The U.S. Bureau of Labor Statistics issued a preliminary report in September finding that Connecticut had 26 workplace deaths in 2013. This was a decrease from the 36 reported in 2012. The United States suffered 4,405 fatal workplace injuries for 2013. These statistics demonstrate that Connecticut workers' compensation is essential.
Workplace deaths decreased in the country. The 2013 statistics showed 223 less deaths than the previous year. The rate for fatal workplace injuries in the United States was 3.4 per 100,000 full-time equivalent workers in 2012 and 3.2 per 100,000 workers one year later
Texas had 536 workplace injuries which was the highest documented in the nation followed by the 375 reported in California. Rhode Island suffered eight deaths which was the lowest in the country.
Transportation and violence, by persons or animals, accounted for seven deaths each in Connecticut. Falls were responsible for six of these injuries while contact with objects and equipment was associated with five deaths in the state.
In the United States, transportation accidents were responsible for 1,740 fatalities followed by 753 deaths related to violence. Contact with objects and equipment was related to 717 deaths.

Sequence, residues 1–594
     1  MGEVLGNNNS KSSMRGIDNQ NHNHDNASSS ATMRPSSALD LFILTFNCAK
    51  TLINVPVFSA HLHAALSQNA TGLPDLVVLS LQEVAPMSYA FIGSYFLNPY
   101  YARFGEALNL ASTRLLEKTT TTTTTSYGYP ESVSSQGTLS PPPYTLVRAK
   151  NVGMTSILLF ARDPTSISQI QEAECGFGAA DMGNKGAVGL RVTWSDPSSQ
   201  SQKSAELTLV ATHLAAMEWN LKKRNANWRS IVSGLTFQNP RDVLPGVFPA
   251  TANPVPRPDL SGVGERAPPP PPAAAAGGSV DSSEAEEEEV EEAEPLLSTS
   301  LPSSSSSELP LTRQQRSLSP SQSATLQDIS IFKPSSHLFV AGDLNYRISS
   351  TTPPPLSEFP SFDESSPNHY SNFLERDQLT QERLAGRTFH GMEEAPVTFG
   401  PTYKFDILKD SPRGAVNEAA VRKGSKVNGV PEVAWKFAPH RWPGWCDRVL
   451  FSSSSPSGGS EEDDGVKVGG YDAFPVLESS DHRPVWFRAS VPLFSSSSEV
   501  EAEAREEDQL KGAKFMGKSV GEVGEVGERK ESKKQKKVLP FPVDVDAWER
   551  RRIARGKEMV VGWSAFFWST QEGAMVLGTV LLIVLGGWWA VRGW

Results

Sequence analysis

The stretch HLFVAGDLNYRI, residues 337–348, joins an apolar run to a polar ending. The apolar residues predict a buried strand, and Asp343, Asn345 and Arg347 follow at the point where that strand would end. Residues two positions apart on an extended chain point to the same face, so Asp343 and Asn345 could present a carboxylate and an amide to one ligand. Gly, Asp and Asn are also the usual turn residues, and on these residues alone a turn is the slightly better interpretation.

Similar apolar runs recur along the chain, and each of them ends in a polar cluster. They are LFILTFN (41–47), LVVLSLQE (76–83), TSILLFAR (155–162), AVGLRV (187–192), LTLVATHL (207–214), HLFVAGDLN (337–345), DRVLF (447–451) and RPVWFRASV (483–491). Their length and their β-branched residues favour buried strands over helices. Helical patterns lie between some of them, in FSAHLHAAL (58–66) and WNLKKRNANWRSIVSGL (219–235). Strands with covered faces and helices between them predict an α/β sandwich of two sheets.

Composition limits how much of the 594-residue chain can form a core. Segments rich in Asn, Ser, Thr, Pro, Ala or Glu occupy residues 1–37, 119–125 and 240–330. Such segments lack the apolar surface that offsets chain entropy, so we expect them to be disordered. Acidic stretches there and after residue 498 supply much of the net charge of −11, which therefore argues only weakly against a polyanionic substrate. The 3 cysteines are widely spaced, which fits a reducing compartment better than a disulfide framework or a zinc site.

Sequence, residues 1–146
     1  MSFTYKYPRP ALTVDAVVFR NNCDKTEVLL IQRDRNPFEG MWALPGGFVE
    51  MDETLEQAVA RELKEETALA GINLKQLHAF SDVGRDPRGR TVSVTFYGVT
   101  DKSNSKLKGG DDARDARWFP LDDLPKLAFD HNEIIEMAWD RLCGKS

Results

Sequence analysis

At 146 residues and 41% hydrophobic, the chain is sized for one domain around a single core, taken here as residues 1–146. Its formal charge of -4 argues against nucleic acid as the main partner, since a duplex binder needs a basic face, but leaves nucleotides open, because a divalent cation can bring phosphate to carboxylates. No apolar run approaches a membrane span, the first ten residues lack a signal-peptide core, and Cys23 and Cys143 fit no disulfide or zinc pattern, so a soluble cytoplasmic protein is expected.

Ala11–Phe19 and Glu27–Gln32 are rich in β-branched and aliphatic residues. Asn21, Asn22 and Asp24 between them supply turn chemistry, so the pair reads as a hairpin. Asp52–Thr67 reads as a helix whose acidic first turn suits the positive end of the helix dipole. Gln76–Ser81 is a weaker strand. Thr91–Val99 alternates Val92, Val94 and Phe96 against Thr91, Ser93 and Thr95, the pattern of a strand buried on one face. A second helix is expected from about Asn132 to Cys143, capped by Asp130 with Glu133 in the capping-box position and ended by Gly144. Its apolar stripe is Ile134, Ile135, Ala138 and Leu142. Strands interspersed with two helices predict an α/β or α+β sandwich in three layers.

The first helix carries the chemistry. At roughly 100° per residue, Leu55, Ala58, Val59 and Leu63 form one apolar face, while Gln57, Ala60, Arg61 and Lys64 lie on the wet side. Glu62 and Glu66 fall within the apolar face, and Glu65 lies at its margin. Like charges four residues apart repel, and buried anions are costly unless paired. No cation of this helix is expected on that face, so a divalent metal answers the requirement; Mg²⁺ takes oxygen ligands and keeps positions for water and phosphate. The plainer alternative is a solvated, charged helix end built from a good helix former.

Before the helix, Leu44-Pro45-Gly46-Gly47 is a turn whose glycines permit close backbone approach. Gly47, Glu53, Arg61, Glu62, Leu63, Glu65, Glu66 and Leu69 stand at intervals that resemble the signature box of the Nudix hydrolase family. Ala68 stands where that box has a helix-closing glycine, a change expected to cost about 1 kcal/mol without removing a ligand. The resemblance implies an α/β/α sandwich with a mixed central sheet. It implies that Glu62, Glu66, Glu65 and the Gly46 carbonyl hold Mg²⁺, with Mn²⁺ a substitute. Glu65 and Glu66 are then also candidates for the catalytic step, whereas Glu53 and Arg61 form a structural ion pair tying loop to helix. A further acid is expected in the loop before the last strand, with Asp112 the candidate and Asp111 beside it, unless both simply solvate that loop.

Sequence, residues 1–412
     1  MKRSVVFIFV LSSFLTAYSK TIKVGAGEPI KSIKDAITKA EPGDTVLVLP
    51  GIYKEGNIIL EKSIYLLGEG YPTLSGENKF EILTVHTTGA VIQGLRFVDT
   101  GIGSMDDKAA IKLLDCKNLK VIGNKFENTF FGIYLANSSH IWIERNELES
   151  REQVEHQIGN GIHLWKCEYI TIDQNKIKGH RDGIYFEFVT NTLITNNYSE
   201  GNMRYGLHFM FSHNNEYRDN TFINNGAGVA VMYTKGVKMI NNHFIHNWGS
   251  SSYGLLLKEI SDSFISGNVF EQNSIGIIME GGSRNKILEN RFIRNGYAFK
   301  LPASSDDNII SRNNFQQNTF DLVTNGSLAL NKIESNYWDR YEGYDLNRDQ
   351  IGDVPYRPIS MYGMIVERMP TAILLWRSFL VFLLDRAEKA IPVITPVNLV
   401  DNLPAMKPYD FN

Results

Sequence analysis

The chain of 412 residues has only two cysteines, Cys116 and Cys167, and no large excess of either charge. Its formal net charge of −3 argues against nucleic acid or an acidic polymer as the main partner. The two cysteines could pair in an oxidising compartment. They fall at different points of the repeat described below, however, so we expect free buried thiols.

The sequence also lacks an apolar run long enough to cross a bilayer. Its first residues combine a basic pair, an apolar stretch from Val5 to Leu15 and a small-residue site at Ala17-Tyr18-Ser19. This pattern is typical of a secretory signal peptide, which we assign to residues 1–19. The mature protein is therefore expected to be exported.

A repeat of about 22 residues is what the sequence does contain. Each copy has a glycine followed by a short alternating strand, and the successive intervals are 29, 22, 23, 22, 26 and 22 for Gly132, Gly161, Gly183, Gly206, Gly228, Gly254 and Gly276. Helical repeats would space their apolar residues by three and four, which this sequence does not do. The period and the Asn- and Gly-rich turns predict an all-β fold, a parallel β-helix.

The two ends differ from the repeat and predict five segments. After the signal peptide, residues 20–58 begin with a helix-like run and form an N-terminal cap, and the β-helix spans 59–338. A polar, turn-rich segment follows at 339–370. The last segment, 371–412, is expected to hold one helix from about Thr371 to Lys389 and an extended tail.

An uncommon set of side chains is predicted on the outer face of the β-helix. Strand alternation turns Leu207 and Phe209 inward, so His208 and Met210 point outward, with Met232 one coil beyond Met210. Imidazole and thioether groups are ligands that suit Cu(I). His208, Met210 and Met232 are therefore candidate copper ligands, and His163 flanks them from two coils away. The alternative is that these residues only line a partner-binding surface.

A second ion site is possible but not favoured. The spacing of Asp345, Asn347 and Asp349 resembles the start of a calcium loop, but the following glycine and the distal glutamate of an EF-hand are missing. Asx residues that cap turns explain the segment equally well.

Workplace violence, in fact, was associated with one out of every six fatal accidents in the United States in 2013. Suicides at work were eight percent higher in 2013 than 2012. Workplace murders, however, were 16 percent lower.
The workplace census reported the lowest number of fatal injuries among workers under 17-years-old. There were five of these injuries reported in 2013.
Driver, sales workers and truck drivers were the occupations with the highest number of deaths and sustained 748 fatal accidents in 2013. This was followed by 220 deaths among farmers, ranchers and other agricultural managers and 215 fatalities among construction workers.
Over the last five years, the Bureau of Labor Statistics reported higher number of fatalities in revised reports that it subsequently issued. Accordingly, Connecticut workers' compensation will continue to provide necessary protection to injured workers and their families after a workplace injury accident. Although a lawyer is not required, legal representation may help assure that vital rights to lost wages and medical expenses and other compensation are protected.
Source: U.S. Bureau of Labor Statistics, "National census of fatal occupational injuries in 2013 (preliminary results,)" Retrieved Dec. 15, 2014